But what if you get even more mass and consequently more gravity?

This is where things start to get really weird. Gravity isn’t just a force pulling masses together. Instead that is just the most easily observed aspect of what it really is. In truth humanity doesn’t really understand gravity fully. Gravity causes the warping of spacetime. For example if you have two parallel lines and one of the lines passes close by a mass than the other, those lines will no longer be parallel. It shifts the underlying structure of space itself; not “vacuum outside Earth’s atmosphere” space, I mean volume of the universe.

When there is a lot of mass this warping of spacetime gets fairly dramatic. The path of light is significantly bent, or rather the light is continuing to move in a straight line but to an outside observer that line is curved. Eventually with enough gravity the warping of space is enough that while there are directions which point closer to the mass, there are none that point away from it. This is a black hole, and not even light can escape moving close enough to it.

From the outside the black hole is just a completely black circular spot. From any direction you see the entire expanse of the “event horizon”, a spherical boundary where the gravity is strong enough to warp space such that light can’t escape. Any mass can be modeled as originating from a point when at a distance, and black holes are no exception. This conceptual single point is a “singularity” and various theories exist about if the mass actually is concentrated in a single point or if there is more space inside the black hole than appears from outside. There seems to be literally no way to know though.

Simply – Extremely dense objects, their center is called a singularity. It’s a point in space with infinite density created by extremely high gravity. There is no difference between mass and energy there.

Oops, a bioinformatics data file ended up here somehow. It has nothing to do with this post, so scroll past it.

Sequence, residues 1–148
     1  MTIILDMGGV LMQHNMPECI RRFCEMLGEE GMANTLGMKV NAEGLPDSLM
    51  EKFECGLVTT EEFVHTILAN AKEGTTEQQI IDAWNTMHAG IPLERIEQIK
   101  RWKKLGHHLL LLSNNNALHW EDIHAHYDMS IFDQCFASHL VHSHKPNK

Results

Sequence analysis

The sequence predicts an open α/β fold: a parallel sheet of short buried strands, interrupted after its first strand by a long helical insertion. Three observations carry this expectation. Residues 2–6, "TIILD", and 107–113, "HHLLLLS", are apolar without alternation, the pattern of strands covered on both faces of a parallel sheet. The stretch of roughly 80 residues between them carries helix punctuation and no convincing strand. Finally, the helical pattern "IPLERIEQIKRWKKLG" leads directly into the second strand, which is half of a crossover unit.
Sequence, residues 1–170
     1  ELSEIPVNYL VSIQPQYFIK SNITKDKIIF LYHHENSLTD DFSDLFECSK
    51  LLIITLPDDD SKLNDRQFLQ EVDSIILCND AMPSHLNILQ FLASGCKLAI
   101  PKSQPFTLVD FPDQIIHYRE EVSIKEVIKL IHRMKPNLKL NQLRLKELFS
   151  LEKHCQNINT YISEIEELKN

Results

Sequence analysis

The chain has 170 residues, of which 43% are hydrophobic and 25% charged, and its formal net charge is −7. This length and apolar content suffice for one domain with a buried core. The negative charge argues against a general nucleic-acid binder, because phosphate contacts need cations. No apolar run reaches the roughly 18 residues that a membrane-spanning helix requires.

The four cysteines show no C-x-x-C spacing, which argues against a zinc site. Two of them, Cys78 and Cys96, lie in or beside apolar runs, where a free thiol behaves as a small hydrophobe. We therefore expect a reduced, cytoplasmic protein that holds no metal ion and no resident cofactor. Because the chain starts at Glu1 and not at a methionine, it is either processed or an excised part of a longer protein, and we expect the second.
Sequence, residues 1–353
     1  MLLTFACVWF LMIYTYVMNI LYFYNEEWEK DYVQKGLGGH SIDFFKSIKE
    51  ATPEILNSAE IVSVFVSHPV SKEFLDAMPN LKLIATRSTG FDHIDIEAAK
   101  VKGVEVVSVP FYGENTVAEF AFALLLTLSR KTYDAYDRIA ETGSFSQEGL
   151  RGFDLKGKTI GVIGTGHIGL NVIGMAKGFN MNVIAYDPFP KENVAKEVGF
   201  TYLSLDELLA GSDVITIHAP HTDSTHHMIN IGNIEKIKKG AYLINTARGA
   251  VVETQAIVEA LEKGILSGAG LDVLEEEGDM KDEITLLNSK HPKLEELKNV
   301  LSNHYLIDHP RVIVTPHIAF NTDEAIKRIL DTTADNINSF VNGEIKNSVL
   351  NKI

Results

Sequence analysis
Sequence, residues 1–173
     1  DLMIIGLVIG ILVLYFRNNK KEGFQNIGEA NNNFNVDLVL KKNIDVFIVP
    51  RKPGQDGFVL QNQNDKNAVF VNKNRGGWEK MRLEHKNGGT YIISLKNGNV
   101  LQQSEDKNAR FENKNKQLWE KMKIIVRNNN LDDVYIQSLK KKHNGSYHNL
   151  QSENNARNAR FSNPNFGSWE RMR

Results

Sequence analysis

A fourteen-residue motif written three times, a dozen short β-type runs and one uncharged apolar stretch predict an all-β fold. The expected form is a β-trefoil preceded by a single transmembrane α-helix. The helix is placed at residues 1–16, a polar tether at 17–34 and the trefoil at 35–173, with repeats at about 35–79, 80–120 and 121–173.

Around the singularity an event horizon is created. Event horizon is the black sphere you see when you think Black hole and it consists of… nothing. It’s just a radius where the gravity pull of the singularity is strong enough to even suck in light. It is impossible to leave the event horizon when you cross the edge.

If you would get swallowed up, let’s assume you’re going feet first, at some point the difference of force between your feet and your head would be so great that that it would start tearing your body apart atom by atom from the bottom up. Your mass would then join the singularity.

Let’s try to keep this ELI5, shall we?

You know how the Earth has gravity? It turns out all matter in the universe has gravity. The more matter you have in one place, the stronger the gravity, which is why gravity is lower on the Moon than it is on Earth. Less matter, weaker gravity.

A “Black Hole” is nothing more than a point in space with a *lot* of matter, and therefore a *lot* of gravity. They aren’t “holes” in anything, there’s nothing on “the other side,” etc. They’re called “Black Holes” because the gravity is so powerful that even light is affected by it’s pull. I *looks* like a hole in space because there isn’t any light reflecting off of it for us to see.

As far as what happens when it pulls something in? In some ways, it’s no different than when the Earth pulls down a meteor. That meteor gets added to the mass of the Earth. Same concept for a “Black Hole,” whatever can’t escape its gravity get added to its mass (and therefore increasing the gravity). There are a *lot* of different theories about what happens to that matter under such extreme gravitational forces, but the truth is nobody really knows becase we can’t replicate the conditions in order to study them, and even if we *could* replicate them, we *still* couldn’t study them because we wouldn’t be able to see anything.